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England and Africa Partnership in Uganda
Siyazama Project

For the past decade the Department of Graphic Design at the DUT has been actively involved in building its research profile by the undertaking of extensive community outreach interactions in both urban and rural KwaZulu-Natal. Through the England and Africa project (EAP) the Departments reach has gone as far as rural Uganda where in 2007 the methodologies inherent in the Siyazama Project are being piloted amongst rural craftspeople from three regions. Further to this more community interaction is currently taking place in the KwaSani project which is based in the Southern Drakensberg, KwaZulu-Natal.

The work to date has produced significant community engagement with students and supervisors working within community projects as diverse as shelters for street children and homeless people (the Ark in Durban) to informational design as a preparation for death at the Highway Hospice. More recently, the department has had BTech students working with health care professionals and traditional healers at the University of KwaZulu-Natal (UKZN) Medical School and at local rural hospitals working with staff and students of the Durban University of Technology’s Department of Environmental Health (Staff: Joy Kistnasamy + Graham Barrett).Further to this voluntary outreach work has taken place at the Dream Centre AIDS Hospice in Pinetown. In all of the above-mentioned projects the main thrust of the research and design work is concerned with the fight against the HIV/Aids pandemic. It is within this area that the department’s longest established community engagement project – Siyazama is situated. The Siyazama project (, which was established eight years ago, is a unique intervention that endorses the pivotal role of design in affirming indigenous knowledge and creative skills as a means to disseminate vital information about HIV/AIDS amongst the most marginalized of people in South Africa – rural women.

The programme works with traditional beaded cloth doll makers. Beadwork and doll making in KwaZulu-Natal has its roots in a powerful tradition to visually record experiences, collective memories and social messages. The project has engaged the women in updating ‘traditional’ styles to develop products that compellingly communicate contemporary concerns, encouraging the women to render pictorially their understanding and concerns with regard to HIV/AIDS whilst allaying their ignorance, fear and superstition.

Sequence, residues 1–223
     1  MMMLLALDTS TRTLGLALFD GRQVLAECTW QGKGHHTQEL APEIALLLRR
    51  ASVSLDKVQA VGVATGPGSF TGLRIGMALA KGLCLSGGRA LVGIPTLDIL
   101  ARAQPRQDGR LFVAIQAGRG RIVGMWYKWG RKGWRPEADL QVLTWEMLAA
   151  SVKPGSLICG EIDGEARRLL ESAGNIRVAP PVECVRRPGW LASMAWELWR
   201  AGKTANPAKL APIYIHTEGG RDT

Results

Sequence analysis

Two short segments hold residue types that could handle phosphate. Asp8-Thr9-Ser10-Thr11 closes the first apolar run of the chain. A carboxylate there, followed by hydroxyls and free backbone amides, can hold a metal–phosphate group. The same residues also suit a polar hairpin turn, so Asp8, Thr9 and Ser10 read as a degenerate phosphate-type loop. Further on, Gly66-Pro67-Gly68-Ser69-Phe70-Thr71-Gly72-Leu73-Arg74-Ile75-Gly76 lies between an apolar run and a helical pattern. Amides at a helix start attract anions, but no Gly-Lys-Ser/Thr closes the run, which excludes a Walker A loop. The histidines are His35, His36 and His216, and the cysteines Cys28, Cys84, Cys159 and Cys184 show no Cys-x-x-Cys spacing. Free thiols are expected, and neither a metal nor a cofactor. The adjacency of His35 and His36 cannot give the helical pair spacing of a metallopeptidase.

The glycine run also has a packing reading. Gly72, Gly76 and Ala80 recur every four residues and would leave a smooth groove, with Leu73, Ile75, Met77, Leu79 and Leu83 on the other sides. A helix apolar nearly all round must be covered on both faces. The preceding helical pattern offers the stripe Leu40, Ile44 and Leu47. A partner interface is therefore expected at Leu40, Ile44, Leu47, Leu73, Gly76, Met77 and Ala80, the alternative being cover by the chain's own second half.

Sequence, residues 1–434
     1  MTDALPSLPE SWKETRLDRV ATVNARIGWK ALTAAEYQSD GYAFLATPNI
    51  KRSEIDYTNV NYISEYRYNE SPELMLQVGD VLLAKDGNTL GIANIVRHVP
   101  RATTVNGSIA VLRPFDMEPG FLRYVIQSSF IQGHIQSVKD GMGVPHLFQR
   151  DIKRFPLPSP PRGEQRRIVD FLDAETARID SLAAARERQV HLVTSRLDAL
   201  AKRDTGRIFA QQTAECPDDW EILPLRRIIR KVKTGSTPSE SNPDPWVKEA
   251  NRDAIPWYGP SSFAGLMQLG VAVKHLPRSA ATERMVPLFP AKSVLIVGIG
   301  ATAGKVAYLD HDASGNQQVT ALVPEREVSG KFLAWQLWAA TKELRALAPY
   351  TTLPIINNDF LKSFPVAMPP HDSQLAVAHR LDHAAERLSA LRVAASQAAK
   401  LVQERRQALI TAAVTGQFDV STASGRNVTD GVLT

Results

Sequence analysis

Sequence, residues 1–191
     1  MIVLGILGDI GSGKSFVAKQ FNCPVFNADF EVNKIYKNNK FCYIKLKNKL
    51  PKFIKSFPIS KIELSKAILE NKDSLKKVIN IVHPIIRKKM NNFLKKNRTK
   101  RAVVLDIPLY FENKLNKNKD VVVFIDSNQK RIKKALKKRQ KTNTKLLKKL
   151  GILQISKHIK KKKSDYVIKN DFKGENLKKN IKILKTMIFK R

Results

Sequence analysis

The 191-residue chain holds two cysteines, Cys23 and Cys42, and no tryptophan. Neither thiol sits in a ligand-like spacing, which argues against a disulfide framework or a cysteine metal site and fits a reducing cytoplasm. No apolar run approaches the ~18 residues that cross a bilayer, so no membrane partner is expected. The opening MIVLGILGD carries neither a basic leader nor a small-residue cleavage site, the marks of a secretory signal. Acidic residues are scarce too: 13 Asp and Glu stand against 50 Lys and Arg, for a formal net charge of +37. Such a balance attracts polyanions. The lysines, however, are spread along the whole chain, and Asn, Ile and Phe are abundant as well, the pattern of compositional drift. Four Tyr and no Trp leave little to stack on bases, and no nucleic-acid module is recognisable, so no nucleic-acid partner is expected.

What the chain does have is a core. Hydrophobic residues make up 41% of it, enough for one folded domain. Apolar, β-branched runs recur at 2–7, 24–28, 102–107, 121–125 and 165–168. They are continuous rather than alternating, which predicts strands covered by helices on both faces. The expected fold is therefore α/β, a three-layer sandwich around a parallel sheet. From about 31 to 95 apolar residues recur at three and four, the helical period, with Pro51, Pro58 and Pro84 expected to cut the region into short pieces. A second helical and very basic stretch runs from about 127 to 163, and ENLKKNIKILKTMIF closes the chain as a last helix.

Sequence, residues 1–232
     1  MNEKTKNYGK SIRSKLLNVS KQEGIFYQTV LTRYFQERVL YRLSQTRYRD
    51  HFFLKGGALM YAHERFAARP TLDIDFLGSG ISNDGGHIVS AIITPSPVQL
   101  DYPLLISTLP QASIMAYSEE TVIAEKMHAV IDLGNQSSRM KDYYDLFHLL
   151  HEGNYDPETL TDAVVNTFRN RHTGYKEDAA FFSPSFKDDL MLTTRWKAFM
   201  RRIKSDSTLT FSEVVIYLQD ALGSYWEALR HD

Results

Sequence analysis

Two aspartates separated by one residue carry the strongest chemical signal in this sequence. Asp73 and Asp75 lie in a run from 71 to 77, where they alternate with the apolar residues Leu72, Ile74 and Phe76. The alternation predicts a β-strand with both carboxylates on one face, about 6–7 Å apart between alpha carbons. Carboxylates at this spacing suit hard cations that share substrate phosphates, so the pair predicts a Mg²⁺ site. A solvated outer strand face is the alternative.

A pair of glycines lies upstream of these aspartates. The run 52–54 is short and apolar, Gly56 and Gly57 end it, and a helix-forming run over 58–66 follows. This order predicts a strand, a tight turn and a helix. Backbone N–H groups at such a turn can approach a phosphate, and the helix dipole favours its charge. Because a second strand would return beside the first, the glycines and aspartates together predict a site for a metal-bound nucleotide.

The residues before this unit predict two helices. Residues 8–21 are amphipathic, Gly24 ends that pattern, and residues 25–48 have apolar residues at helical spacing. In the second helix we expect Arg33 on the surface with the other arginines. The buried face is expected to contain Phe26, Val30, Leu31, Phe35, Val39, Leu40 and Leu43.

The advantage of having this project in a Graphic Design department is that students are employed as graphic designers and translators on the project and are often required to work on the project’s communication design needs. These design needs are once again “embedded” in the mainstream course and produce work as diverse as pamphlets, brochures, posters, photography and website design for the project.

In this way students work in an environment that affirms the indigenous knowledge of the community while at the same time continually being made aware of the scourge of HIV/ Aids in the production of design work that can help make a difference.

As a further example of our broad outreach policy here is a list of some of the completed research projects undertaken by B.Tech students:

    • Samantha Robertson: The Development of complementary HIV/AIDS training material for the KZN traditional healers treatment literacy campaign (UKZN/DUT)
    • Desmond Smith and Liesel Gevers: Development of graphic materials for hospital communication: a collaboration project between Osindesweni Hospital and the Environmental Health students.
    • Kailash Maharaj: The psychological impact of electronic media on children and youth.
    • Karishma Rajkomar: Hands of desperation- a campaign for street children.
    • Aalia Christopher: Remarketing Death: a campaign to create awareness of the Highway Hospice daycentre and its services.
    • Brett Montanari:  The Suffering – a documentary film on AIDS sufferers

Victoria Robertson: Living in ruins…the repercussions of AIDS and poverty on children.

  • Cindy Mothilal: New marketing strategies for the Siyazama Project.
  • Sibusiso Sosibo: Testa: Know your status.
  • D’Rene Fisher: The Ark – home to 900 homeless people – the study of a city shelter.
  • Latha Ravjee: A Masters study of graphic design for social justice in South Africa.
  • John Griffin: Earth for Sale – an audio visual campaign for environmental awareness.
  • Debbie Solomon: Ethics in South African media and society, and its affects on children.
  • Justin Farrell: A study of available support systems for children with cerebral palsy in rural areas within Pietermaritzburg.
  • Jean Shange: Olwethu: An awareness campaign for HIV and AIDS orphans in the Durban region.